If you’re one of the about 10 million people who don't have health insurance through work and buy it on your own, this is the week to see what rate hikes your insurance company is asking regulators to approve for next year. That is, unless you live in Missouri.
State legislators approved a law last year to allow Missouri’s insurance regulator to review price increases for health insurance plans. But the state decided to postpone the deadline to share those rates with the public, citing “several significant developments impacting the individual health insurance market.” About 240,000 Missourians buy plans on Healthcare.gov.
“The Department invites the public to comment on the proposed rates when they are published on September 1, 2017,” wrote Chlora Lindley-Myers, director of Missouri’s Department of Insurance, Financial Institutions and Professional Registration.
One major change was Centene’s last-minute entry into Missouri’s “bare counties,” which after the exit of Blue Cross Blue Shield of Kansas City could have been left with no option on Healthcare.gov.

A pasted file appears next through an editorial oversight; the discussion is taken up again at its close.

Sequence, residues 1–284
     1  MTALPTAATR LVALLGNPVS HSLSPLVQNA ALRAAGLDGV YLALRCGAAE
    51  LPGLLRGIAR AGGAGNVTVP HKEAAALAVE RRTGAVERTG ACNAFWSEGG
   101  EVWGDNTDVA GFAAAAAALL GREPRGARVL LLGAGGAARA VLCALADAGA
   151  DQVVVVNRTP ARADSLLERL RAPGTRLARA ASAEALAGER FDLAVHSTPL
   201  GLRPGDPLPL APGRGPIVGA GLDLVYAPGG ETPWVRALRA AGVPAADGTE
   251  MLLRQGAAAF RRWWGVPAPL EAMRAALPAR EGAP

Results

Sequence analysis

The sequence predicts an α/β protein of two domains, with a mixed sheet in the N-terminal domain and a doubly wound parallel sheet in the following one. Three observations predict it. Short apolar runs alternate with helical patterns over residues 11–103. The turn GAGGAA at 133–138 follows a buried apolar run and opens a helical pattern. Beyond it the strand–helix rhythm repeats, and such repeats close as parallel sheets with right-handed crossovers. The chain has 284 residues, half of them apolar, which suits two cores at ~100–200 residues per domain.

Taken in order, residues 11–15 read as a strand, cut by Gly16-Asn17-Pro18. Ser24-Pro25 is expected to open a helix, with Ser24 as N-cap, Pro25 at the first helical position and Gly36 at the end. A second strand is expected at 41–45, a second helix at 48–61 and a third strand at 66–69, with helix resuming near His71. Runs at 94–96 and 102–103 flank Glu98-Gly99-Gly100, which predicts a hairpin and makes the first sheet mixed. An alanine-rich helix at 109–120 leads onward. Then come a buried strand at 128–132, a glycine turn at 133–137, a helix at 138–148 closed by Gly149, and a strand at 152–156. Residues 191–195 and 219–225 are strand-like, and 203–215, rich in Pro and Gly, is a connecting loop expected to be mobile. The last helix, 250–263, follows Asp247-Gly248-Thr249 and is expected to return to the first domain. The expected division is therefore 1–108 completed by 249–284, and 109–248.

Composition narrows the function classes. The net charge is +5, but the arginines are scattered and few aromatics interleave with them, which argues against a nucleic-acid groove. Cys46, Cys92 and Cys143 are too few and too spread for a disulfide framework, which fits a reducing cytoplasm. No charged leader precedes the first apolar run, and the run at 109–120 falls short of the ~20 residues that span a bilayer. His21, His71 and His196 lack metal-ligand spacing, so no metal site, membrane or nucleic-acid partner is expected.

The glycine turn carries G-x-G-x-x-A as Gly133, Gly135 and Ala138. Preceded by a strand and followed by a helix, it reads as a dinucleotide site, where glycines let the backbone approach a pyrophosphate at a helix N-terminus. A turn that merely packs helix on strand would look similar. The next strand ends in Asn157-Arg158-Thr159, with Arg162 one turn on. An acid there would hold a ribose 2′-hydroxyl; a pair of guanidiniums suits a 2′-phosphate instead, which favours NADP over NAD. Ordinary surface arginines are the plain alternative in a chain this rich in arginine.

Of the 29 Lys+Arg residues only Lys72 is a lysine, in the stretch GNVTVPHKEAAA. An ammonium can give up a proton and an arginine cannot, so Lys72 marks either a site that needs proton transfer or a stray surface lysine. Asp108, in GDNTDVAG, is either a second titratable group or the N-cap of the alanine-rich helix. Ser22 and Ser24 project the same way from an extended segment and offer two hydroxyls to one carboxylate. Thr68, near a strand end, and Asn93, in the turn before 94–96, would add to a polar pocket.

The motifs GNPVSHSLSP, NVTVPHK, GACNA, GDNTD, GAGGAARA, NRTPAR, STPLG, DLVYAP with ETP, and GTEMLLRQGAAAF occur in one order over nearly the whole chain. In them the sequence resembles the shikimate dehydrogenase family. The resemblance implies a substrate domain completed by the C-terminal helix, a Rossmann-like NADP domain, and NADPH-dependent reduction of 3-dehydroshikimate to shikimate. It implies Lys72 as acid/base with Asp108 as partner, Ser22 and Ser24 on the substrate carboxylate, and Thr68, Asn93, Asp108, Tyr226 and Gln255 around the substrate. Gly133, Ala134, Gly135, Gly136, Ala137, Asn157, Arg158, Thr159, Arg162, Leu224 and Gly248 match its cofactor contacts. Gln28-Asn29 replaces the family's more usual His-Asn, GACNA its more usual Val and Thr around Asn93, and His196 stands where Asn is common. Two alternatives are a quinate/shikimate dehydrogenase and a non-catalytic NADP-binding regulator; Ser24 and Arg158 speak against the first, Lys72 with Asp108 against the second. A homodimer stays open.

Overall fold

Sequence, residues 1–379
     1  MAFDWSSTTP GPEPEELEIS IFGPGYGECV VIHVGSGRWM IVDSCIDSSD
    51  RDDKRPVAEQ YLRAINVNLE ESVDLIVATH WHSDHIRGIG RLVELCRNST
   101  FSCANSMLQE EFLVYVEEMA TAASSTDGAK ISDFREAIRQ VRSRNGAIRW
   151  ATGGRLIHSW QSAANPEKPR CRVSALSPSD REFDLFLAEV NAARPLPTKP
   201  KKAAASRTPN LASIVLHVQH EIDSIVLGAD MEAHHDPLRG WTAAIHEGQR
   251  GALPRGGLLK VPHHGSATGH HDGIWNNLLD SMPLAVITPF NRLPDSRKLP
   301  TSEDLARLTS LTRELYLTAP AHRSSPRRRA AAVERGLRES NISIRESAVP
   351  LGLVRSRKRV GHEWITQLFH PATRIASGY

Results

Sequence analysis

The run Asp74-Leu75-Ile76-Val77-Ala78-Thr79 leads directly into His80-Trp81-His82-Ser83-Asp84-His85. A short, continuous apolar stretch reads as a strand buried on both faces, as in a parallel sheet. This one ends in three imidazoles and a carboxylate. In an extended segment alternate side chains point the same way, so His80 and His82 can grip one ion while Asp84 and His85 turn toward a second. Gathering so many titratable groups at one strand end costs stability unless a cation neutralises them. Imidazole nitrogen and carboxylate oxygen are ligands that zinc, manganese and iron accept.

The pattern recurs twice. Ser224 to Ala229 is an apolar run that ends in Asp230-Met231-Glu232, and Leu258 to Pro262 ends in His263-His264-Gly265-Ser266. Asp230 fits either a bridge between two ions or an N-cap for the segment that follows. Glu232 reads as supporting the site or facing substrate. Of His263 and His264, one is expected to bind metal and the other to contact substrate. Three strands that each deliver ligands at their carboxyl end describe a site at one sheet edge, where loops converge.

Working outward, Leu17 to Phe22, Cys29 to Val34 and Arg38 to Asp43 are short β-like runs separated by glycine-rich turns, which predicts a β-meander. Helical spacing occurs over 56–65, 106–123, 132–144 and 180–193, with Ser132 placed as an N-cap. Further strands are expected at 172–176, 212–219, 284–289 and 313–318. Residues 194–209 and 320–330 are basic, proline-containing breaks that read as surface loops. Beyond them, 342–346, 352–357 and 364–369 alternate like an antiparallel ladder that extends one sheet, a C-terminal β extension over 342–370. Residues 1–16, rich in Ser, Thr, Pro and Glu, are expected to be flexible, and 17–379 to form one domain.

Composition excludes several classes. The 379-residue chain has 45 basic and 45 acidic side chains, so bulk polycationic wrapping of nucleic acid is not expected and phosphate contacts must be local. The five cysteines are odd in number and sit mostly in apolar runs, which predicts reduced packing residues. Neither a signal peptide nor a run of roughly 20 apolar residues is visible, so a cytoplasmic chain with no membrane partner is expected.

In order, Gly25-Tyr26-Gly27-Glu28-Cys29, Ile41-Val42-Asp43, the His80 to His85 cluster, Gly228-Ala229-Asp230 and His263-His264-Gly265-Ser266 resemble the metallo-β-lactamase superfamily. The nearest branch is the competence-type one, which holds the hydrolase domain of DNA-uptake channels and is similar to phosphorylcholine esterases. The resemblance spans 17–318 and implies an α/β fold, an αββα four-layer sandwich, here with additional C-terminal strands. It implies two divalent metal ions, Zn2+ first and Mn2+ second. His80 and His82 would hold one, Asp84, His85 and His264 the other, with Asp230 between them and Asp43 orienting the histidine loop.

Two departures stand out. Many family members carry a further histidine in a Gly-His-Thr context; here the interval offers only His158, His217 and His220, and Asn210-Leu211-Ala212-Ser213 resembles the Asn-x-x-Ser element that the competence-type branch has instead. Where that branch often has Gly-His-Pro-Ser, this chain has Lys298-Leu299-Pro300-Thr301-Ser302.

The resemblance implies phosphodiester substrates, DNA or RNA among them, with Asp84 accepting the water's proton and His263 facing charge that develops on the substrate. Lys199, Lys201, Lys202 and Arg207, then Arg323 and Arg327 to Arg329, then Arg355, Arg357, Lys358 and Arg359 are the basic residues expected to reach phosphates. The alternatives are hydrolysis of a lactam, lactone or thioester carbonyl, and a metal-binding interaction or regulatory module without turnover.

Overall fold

Missouri officials were waiting to see the outcome of a Republican plan to repeal major parts of the Affordable Care Act. Those efforts culminated in a dramatic, late-night vote last week, when a bill to do so did not pass the Senate.
“It wasn’t really clear what the situation was going to be … so it makes sense that the department pushed it back, especially being the only state in the country for which this is the first year that they’re actually reviewing rates,” said Cara Spencer, executive director of the Consumers Council of Missouri.
Spencer, a St. Louis alderman who represents the 20th Ward, said Missouri’s rate review law is limited because the regulator can’t actually reject rate hikes — but the state can label them excessive, discriminatory, or unreasonable.
“As those rates continue to grow, we want to make sure they’re doing so in a fair manner. If you sign up for a plan and you’re expecting to pay ‘X’ amount and it goes up 28 percent, it’s got to be justified,” Spencer said.
Insurers also have warned that rates will rise this year due to the Trump administration waffling over whether it will allow cost-sharing subsidies for individual plans to continue.
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